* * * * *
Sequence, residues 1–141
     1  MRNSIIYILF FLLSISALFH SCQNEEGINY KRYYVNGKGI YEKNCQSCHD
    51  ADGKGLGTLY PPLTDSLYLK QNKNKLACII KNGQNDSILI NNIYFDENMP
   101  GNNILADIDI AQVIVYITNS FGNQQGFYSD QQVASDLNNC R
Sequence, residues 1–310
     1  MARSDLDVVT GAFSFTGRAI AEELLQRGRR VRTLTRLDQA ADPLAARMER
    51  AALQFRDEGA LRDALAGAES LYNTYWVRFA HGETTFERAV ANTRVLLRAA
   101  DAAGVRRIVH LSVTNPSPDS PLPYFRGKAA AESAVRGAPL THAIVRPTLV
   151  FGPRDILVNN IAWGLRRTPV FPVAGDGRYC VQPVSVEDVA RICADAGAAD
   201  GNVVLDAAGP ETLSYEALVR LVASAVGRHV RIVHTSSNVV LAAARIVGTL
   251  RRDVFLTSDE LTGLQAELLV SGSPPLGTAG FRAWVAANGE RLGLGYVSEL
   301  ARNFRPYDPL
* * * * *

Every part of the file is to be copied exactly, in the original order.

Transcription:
Sequence, residues 1–141
     1  MRNSIIYILF FLLSISALFH SCQNEEGINY KRYYVNGKGI YEKNCQSCHD
    51  ADGKGLGTLY PPLTDSLYLK QNKNKLACII KNGQNDSILI NNIYFDENMP
   101  GNNILADIDI AQVIVYITNS FGNQQGFYSD QQVASDLNNC R
Sequence, residues 1–310
     1  MARSDLDVVT GAFSFTGRAI AEELLQRGRR VRTLTRLDQA ADPLAARMER
    51  AALQFRDEGA LRDALAGAES LYNTYWVRFA HGETTFERAV ANTRVLLRAA
   101  DAAGVRRIVH LSVTNPSPDS PLPYFRGKAA AESAVRGAPL THAIVRPTLV
   151  FGPRDILVNN IAWGLRRTPV FPVAGDGRYC VQPVSVEDVA RICADAGAAD
   201  GNVVLDAAGP ETLSYEALVR LVASAVGRHV RIVHTSSNVV LAAARIVGTL
   251  RRDVFLTSDE LTGLQAELLV SGSPPLGTAG FRAWVAANGE RLGLGYVSEL
   301  ARNFRPYDPL